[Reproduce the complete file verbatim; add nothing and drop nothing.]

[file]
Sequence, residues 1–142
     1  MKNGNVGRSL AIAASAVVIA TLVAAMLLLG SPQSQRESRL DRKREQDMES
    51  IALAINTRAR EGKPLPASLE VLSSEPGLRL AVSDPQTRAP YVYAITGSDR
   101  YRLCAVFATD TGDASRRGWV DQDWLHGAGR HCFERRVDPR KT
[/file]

Sequence, residues 1–142
     1  MKNGNVGRSL AIAASAVVIA TLVAAMLLLG SPQSQRESRL DRKREQDMES
    51  IALAINTRAR EGKPLPASLE VLSSEPGLRL AVSDPQTRAP YVYAITGSDR
   101  YRLCAVFATD TGDASRRGWV DQDWLHGAGR HCFERRVDPR KT